First, however, I recruited Mummy’s Little Helper to act as walk buddy. This was not only so she could not only call 000 in the event of emergency, but also so we could also take the dogs for a walk. Miss took Lady, while I took a much stronger Bilbo and off we went….Miss telling Lady to stop sniffing and keep walking. Their pace helped to propel Bilbo along, although Miss did observe him trying to sniff every single tree and post along the way!

That reminded me of a couple of old dog jokes:

What’s the definition of torture?

A dog in a desert with no trees.

What’s the definition of confusion?

A dog in a desert with two trees.

However, Bilbo didn’t have the luxury of any lingering sniffs. That’s because he too was under the physiotherapist’s regime. The goal, or should I say the prescription, was 20 minutes of brisk walking, which is going to boost your heart rate and build a sweat. Obviously, this is not  a leisurely stroll smelling the roses…or anything else!

Bilbo staring out to sea

Bilbo…  who is either admiring the view or contemplating why he can’t smell the roses anymore.

By the way, the idea behind the 20 minute walk is to do a 20 minute walk…no more, no less. It aims to create frequency by surreptitiously sneaking into your daily routine, so you almost don’t realise it’s there. As if!

So what’s motivating my walks:

  • Increasingly the number of steps and kilometres on the health app on my phone. I have found this very encouraging and motivating….both when the results are positive and negative. You find out what you’re capable of and when your steps are low for the day, it encourages you to get back out there. Keep moving. Worth noting, though, that you do need to walk around with your phone to get accurate results. If you feel like cheating, you could also attach the phone to the dog, but you’d only be cheating yourself.
  • Increased fitness and strength leading to greater endurance.
  • Exercise helps prevent chest infections and improves lung health, which is critical for me!
  • Exercise & sunshine boosts your endorphins boosting your mood.
  • Enjoying the beautiful outdoors and spreading my wings by getting out of the house.
  • Running into friends on my walks.
  • Possibility of losing weight.

Before I head off, I’d like to exercise my bragging rights. Although I was feeling that a 20 minute walk was going to do me in today, by the time we reached the beach, we felt like talking the dogs down to the off-leash, dog section of the beach. I lost track of how long we walked for  but it was probably more like an hour. We ended up walking for 3.5km and reached 5,600 steps. This was a vast improvement on 824 steps on Friday and 2,650 steps on Thursday.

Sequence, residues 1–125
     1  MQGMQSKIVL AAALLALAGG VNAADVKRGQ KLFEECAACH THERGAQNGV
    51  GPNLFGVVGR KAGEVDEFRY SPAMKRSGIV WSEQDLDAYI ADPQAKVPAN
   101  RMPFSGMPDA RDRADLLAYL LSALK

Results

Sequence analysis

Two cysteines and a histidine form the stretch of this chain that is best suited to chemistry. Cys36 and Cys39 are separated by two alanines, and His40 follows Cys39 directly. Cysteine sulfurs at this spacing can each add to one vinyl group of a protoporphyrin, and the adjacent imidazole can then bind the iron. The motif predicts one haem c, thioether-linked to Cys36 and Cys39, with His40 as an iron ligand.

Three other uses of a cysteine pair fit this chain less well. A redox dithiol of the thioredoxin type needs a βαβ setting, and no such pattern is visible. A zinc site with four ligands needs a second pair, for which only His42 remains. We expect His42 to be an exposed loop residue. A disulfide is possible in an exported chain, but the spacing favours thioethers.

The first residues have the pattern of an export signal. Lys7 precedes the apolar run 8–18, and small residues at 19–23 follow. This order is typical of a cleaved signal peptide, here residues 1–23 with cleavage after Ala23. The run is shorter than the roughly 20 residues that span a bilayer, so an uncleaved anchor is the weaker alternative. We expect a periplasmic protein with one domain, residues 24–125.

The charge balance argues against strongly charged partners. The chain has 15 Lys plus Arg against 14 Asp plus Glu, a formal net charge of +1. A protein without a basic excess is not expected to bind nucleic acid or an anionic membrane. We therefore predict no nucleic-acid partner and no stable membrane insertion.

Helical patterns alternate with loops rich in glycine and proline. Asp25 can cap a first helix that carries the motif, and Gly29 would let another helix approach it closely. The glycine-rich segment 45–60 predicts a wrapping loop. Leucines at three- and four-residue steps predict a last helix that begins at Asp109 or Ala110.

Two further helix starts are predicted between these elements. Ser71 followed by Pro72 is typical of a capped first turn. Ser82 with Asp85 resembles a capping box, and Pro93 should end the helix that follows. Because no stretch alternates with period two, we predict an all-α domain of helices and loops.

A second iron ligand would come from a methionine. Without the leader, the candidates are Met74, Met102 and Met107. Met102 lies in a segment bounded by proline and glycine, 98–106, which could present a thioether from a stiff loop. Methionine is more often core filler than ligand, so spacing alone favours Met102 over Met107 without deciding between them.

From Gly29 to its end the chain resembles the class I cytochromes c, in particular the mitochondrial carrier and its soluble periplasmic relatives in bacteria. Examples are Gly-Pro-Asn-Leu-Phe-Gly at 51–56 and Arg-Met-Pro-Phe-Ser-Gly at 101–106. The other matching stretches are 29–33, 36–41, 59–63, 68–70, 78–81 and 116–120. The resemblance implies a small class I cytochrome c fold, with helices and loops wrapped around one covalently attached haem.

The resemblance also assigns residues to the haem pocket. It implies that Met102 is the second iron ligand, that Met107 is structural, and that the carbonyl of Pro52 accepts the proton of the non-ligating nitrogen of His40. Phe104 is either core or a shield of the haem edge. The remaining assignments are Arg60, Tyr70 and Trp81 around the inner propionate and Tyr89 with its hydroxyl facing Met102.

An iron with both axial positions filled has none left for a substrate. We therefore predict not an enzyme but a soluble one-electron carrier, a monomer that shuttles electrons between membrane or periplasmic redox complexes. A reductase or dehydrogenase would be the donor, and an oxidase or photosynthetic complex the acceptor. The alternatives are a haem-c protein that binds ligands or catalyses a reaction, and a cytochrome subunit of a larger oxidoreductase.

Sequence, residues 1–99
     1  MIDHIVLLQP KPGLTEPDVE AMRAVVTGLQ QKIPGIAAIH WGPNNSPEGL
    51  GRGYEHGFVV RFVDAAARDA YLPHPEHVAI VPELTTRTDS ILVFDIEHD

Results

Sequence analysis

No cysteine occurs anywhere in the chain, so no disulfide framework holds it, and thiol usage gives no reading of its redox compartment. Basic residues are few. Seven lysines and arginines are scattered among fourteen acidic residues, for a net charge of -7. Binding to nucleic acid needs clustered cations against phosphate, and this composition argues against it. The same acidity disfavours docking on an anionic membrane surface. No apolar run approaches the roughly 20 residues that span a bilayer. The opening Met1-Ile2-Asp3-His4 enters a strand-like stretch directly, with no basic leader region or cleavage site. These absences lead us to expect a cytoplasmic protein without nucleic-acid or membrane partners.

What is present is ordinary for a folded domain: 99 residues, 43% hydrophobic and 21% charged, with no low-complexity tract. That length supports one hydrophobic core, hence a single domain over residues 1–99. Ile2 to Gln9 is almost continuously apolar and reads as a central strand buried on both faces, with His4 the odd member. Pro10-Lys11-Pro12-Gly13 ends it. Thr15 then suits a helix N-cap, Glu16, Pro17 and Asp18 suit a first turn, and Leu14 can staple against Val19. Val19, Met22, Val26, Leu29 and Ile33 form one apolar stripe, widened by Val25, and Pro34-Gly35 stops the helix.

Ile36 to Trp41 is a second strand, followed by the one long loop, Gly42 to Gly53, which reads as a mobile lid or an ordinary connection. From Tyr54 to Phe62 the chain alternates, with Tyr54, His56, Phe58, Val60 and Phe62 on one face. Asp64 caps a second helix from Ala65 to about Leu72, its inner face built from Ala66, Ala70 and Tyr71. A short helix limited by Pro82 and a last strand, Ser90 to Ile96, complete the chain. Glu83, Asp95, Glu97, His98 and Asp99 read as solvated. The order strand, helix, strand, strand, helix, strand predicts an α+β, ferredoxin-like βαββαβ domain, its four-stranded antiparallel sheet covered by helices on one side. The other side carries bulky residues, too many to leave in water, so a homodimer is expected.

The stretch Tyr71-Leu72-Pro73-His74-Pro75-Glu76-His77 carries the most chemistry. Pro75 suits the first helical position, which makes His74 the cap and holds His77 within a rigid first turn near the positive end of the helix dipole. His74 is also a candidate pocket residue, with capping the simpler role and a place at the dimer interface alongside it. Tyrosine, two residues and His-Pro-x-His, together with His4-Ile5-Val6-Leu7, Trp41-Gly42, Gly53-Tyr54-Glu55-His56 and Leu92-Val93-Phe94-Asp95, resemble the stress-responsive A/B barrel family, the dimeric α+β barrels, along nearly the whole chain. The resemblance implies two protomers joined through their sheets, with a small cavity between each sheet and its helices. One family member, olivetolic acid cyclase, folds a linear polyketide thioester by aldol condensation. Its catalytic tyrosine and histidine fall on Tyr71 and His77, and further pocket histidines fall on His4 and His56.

So, I deserve a huge pat on the back and my daughter gets a huge thanks…both from me and the dogs!

I thought you might find my walking progress encouraging and that if you’re having trouble getting started or sticking with it, that you can do it. We can do it. Please keep me posted on your progress.

xx Rowena

Soggy Weekend Coffee Share

Welcome to Another Weekend Coffee Share!

This weekend, I recommend you find yourself a good pair of gumboots and jump in a few puddles. No one knows you around here. So, it doesn’t really matter if you embarrass yourself. Besides, you’ll probably only get a few death stares from the local duck population wanting to evict you from their “pond”. You could say, that they’ve made a “pond conversions” to the  local potholes. Just call them “duckgineers”.

Well, you’re in luck today because you can try my “Christmas Cake”. In typical fashion, I stumbled across an intriguing recipe just before Christmas but the cake needed to rest for two months. So, this Christmas Cake was never going to be ready in time for Christmas and to compound my stupidity, this recipe made enough cake to feed an entire shearing shed. It contained 3kgs of dried fruit alone. It’s called the Aussie Harvest Cake and has grated apple in it and for the dried fruit, I used included figs, dates in addition to the usual sultanas and raisins and made for an interesting, moist and dense cake.

Anyway, I thought you might like to try a slice.

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The local radio station broadcast from my daughter’s school last week.

Speaking of cooking, last Monday local radio hosts, Rabbit & Julie broadcast live from my daughter’s school. The Julie of this  combo is Julie Goodwin, Australia’s first Masterchef. Knowing JULIE was coming to the school, I was up the freeway in a flash armed with my camera and copy of her cookbook. I was so excited and gushed profusely, embarrassingly so, but I met JULIE!! You can read about it here.